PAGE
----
On another more personal note, I was driving home with my wife yesterday after my daughter and her elite soccer team won the New Jersey State Cup Championship. Everything was indeed well in the world and it continues to be. I even said so commenting to my wife that for the first time in months, I wasn’t thinking about the election insanity, the shifting real estate market nor any of the variety of trivial inconveniences that may occur on any given day. I was proud. I am proud. The girls on both teams displayed desire, commitment and cohesive focus that reminded me of the innate goodness in the human spirit! It took 12-year-old girls to remind me that at home, in the office and wherever I may go, it is key that we continue to focus on the good and be a more positive force in our incredible world.
Those who know me know all too well that I have been a very active and engaged participant on social media almost since Facebook’s inception. So, it was shocking to some to discover that I abandoned Facebook back in September because I found much of the content that I was reading to be more of an irritant than a joy. Yes, I’m referring to the polarizing forces in our current political environment. I am definitely a sufferer of election anxiety and many of my friends and family share my pain. “So what?”, you say? This current dilemma has me asking myself, my family, friends and agents: How exactly do we continue to behave in a professional manner and do our jobs while maintaining and holding true to our personal convictions? Is it possible to maintain a level of professionalism and support a business or person who is so diabolically opposed to your fundamental beliefs?
I have worked with countless people over the last quarter of a century. Most of the people I have helped have been interesting, intelligent, sophisticated and pleasant. Some, not so much. But I never chose not to work with someone based on their personal views or beliefs. In fact, some years back, I was the real estate agent for a very prominent campaign manager who is currently front and center in the news. We definitely did not see eye-to-eye but in the many months in which I worked with this person, we shared a mutual respect and sometimes heated yet comical banter over significant political issues. Our inability to see ey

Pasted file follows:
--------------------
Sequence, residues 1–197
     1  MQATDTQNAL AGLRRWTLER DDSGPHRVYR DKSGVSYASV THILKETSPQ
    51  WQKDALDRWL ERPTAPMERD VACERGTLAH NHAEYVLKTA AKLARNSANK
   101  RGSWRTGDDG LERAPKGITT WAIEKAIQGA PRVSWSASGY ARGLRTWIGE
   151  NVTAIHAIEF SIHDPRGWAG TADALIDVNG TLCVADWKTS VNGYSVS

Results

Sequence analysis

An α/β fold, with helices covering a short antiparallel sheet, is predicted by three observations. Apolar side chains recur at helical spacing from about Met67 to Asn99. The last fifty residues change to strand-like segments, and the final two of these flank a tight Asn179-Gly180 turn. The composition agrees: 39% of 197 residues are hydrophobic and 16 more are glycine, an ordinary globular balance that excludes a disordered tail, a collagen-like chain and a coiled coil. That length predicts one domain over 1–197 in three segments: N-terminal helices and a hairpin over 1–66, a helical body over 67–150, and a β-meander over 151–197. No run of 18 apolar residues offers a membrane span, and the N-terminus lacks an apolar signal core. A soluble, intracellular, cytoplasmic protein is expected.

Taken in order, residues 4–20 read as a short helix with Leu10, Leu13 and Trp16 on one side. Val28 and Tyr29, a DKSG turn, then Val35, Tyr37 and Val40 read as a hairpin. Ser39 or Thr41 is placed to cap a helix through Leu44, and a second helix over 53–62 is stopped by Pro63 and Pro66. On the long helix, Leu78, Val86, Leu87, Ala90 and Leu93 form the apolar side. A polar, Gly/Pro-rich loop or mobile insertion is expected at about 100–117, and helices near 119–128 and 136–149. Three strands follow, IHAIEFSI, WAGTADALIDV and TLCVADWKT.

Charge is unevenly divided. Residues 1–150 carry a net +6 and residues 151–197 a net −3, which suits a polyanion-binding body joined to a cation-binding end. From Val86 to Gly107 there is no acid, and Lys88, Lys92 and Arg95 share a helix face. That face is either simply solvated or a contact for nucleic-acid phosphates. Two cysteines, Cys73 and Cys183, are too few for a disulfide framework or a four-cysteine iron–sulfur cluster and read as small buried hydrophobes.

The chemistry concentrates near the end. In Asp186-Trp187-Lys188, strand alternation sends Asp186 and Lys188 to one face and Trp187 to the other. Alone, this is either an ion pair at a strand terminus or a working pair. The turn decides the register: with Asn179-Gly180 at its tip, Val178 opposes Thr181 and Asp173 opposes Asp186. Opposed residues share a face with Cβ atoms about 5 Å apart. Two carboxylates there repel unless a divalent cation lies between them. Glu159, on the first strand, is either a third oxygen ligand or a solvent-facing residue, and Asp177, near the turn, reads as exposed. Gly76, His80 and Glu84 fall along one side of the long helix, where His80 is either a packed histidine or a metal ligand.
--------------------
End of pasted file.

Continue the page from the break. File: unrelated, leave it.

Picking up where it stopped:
e-to-eye did not cause either of us to waiver from our convictions. Unfortunately, despite having a contract in hand for a gorgeous Manhattan home, a mansion in the suburbs trumped city living (see what I did there?). That said, there is a very fine line that determines the ability to tolerate the person whose views are so diametrically opposed to your own. For some, it is simply business and anything goes in the name of making a buck. For others, differing opinions on topics like abortion, immigration, and women’s and minority’s rights, make the prospect of working with someone absolutely unpalatable.
The one thing I think we can all agree upon is that, while difficult at times, rising above is the only way forward.
Last week, I had the privilege of sitting on a panel at the NYC Real Estate Expo with some of my esteemed colleagues from other firms. The topic of discussion was how to be a world class connector. Buzz words like authenticity, transparency, trust, high energy, clarity, sincerity and purpose were discussed as all of us shared anecdotes regarding the meaningful relationships we have forged in both our personal and business lives. Here are four important takeaways that I so graciously received from my fellow panelists:
- Be the “connector.” – Chris Schembra, the Founder and Curator of the 747 Club, the only non-real estate agent on the panel is doing just that as his dinner club brings together complete strangers to participate in evenings of “authenticity, empathy, vulnerability and safety.” In short, consider hosting events to bring the “right” people together to make meaningful connections with each other and you will surely be remembered as the catalyst for those relationships.
- Social media is but a tool – Facebook, Instagram, Snapchat, LinkedIn nor any other of the online platforms that allow you to “connect” with others are NOT a substitute for genuine person to person connections. Face time, and I’m not talking a video screen on your phone, builds meaningful relationships.